Overdose-death numbers lead to bulletin from health authority

In 2015, there were over 60 overdose-related deaths in the Interior Health Authority

Trevor Corneil

Trevor Corneil

By Dale Bass

Kamloops This Week

In 2008, there were only 20 overdose-related deaths in the Interior Health Authority (IHA) region.

Last year, the number had risen to 60.

In January this year alone, there were 15 overdose-related deaths in the IHA, including at least four in Kamloops.

The numbers “are out of the ordinary,” said Trevor Corneil, IHA’s senior medical officer of health, and have prompted the health authority to issue a regional bulletin addressing the concern.

Corneil noted the statistics are preliminary pending toxicology results from other deaths in recent weeks, a process that can take the province’s coroner’s office some time to complete.

The bulletin said no particular group is affected; the deaths are connected to those who use drugs recreationally and those dealing with addiction.

It said there is no specific bad batch of drugs, but the majority of overdoses being reported involved opioids like oxycontin and heroin. Eighty per cent also involved opiates.

“You hear about bad batches until it’s all bad,” Corneil said, although he noted at least one-third of the overdose deaths were either caused by fentanyl or the drug was found in toxicology screening. Most overdoses are caused by mixing substances including street and prescribed drugs and alcohol.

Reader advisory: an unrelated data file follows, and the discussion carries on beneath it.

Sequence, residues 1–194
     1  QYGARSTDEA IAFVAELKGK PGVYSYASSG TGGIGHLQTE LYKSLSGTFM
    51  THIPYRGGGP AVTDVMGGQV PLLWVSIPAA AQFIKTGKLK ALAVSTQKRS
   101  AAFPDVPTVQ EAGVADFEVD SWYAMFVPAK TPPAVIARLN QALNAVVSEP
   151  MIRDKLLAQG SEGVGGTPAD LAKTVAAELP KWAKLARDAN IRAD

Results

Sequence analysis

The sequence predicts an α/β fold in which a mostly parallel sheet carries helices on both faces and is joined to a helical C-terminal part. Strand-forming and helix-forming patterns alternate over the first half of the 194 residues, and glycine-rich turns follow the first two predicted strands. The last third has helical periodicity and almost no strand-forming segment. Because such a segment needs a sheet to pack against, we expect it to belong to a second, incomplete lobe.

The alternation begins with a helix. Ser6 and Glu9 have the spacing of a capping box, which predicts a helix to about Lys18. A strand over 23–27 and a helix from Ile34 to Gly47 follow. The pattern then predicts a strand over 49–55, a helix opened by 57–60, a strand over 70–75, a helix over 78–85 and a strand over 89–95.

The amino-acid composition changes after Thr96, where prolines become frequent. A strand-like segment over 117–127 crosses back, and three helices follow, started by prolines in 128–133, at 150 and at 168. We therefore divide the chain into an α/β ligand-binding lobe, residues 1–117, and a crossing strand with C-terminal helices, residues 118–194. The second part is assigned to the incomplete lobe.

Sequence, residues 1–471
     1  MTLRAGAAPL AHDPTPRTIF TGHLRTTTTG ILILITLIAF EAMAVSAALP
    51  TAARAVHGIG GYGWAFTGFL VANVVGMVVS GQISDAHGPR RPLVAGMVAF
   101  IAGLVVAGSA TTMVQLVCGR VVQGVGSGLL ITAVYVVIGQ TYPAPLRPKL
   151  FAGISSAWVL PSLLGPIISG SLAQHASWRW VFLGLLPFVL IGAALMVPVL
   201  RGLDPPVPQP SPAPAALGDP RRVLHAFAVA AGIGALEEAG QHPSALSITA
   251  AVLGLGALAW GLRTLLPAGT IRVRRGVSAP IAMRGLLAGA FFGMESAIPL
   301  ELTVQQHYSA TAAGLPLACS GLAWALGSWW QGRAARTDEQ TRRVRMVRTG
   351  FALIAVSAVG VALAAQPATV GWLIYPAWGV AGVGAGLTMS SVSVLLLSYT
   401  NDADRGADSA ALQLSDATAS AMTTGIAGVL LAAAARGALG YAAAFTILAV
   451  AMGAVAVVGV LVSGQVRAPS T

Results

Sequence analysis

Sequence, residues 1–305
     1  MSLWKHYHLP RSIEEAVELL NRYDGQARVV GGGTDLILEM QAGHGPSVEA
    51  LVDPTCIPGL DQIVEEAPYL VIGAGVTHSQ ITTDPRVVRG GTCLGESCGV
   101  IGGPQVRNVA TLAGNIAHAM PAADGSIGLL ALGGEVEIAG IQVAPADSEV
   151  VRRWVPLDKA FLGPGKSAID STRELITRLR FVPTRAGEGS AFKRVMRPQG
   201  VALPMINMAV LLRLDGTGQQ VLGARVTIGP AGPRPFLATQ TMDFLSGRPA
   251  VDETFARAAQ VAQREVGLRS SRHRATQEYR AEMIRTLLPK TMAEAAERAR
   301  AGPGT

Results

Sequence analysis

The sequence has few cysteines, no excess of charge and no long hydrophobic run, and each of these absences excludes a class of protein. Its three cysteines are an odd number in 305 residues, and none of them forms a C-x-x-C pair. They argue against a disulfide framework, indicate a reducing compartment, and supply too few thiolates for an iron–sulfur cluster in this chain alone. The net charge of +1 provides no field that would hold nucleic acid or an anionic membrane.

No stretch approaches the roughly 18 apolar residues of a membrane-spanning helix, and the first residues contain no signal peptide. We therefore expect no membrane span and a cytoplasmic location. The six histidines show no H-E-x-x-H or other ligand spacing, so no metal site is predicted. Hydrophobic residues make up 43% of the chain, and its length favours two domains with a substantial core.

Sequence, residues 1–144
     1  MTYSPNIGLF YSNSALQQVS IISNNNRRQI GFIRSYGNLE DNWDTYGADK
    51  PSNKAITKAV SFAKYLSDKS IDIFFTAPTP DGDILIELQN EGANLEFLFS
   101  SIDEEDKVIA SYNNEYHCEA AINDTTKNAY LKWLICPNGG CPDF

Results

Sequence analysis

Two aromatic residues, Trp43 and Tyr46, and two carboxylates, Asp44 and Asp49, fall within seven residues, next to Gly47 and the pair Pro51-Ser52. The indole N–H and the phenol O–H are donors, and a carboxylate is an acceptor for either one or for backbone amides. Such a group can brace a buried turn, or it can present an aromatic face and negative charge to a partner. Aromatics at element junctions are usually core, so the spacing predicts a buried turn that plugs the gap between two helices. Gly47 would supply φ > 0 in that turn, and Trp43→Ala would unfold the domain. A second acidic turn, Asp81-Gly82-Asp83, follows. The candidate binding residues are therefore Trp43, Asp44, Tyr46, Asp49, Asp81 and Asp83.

“We just want people to be aware because everyone is impacted,” Corneil said.

The IHA hopes to increase the number of hospital beds dedicated to substance abuse in the next couple of years. It also wants to add to the mental-health staffing. Corneil said the next step after harm reduction is finding ways to engage people and encourage them to take steps to address their substance use.

He said the IHA works with ASK Wellness, among other social agencies, to help with programming for drug-withdrawal management, opioid-replacement therapy, counselling and finding housing.

Naloxone kits — the drug that can reverse an opioid overdose — are also available at the Royal Inland Hospital emergency room and at other health-care facilities in the IHA region, including ASK Wellness.

Corneil said he’s expecting discussions to begin later this year with the public on potential safe-injection sites in the region, including Kamloops.